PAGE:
How to Begin
After seeing your doctor and choosing the right plan for you, the very first thing you need to do is identify your "why," or your purpose. Keeping this in mind is what is going to inspire you to stick with intermittent fasting when moments get hard.
Your "why" could be that you want to lose weight so you can enjoy running around with your kids. Or maybe you want to prevent weight-related diseases like type 2 diabetes or heart problems. Or maybe your "why" is to feel more confident in your skin.
Even though you may be doing intermittent fasting for weight loss, your "why" may also be to get control over your food addiction or sugar cravings. Stephanie Ferrari, a registered dietitian with Fresh Communications, said intermittent fasting can help curb sugar cravings if you do it long enough. When you're eating less, you're bound to eat less sugar, and the less sugar you eat, the less you crave it.
Or your reason to do IF may be to cure digestive issues or constant bloating, since I found IF can help with both those issues. Although everyone's body is different, when I took a break from IF, my bloating issues came back.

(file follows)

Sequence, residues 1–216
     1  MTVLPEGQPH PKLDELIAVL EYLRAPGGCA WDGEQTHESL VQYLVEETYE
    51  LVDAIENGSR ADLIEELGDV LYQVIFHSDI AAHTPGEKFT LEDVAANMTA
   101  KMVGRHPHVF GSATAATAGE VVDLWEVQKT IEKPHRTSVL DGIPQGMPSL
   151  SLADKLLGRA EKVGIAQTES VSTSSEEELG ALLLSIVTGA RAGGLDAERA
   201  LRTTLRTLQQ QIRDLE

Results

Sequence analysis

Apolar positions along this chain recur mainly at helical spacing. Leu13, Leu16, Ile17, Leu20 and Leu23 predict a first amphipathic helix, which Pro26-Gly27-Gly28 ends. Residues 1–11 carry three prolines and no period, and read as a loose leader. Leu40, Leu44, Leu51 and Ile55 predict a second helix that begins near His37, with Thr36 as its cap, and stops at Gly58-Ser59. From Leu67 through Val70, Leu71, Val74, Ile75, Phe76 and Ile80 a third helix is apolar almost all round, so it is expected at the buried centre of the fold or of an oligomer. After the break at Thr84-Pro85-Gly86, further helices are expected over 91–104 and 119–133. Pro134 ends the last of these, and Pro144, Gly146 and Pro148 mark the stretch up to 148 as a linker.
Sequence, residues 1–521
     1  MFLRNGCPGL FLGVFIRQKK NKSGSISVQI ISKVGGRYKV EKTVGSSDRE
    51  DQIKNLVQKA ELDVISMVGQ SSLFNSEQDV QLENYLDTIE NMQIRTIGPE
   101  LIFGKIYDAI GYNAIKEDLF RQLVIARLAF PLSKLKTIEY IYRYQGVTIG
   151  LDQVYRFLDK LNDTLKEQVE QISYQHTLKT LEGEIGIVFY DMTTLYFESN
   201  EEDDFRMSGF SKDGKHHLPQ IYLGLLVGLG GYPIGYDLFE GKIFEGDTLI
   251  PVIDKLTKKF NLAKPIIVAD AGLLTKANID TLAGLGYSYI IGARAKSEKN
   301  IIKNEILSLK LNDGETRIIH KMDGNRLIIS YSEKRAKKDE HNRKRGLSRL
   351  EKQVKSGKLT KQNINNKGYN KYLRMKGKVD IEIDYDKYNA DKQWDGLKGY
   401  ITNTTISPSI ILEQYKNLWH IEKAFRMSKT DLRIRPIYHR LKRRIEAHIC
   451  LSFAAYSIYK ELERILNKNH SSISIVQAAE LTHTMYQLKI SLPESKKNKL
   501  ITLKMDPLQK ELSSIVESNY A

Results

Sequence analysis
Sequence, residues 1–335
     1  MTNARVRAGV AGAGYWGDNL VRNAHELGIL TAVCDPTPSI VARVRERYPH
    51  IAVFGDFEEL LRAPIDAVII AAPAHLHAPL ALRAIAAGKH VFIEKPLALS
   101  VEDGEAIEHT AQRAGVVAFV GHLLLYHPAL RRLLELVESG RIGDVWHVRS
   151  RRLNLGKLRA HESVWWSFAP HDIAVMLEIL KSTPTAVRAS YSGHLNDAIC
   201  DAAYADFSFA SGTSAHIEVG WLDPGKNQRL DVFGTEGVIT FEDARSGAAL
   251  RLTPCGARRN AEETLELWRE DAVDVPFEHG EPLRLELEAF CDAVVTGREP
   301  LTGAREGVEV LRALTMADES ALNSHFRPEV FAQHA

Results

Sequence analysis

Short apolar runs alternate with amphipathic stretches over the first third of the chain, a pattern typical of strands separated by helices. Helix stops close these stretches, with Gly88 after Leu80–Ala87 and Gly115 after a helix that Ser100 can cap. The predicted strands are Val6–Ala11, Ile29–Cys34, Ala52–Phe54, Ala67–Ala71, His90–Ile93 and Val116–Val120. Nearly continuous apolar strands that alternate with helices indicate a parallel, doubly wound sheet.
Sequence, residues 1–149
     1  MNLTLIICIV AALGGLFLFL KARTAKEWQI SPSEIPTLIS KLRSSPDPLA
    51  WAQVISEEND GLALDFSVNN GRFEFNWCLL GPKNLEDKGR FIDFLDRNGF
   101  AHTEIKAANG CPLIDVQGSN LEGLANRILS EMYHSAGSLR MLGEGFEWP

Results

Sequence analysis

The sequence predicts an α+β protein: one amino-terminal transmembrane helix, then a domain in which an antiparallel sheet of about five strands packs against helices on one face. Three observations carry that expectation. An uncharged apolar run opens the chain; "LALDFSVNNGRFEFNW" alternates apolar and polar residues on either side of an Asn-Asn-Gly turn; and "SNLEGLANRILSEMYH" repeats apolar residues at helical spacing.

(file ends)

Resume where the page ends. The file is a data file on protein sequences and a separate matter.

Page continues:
Write down your purpose in a journal so you can refer back to it when you have thoughts of giving up. Once you know your "why," begin incorporating intermittent fasting slowly. Even if you're a jump-straight-in-the-pool kind of person, it's better to take a one-step-at-a-time approach. If you go from eating three meals and three snacks a day to eating only 500 calories a day (5:2 plan), you're more likely to have terrible side effects, including headaches, dizziness, and even nausea.
There's no rush! Take several weeks to ease into the plan you've chosen. If you're especially hungry on a certain day or not feeling well or expecting your period, listen to your body and eat if you need to.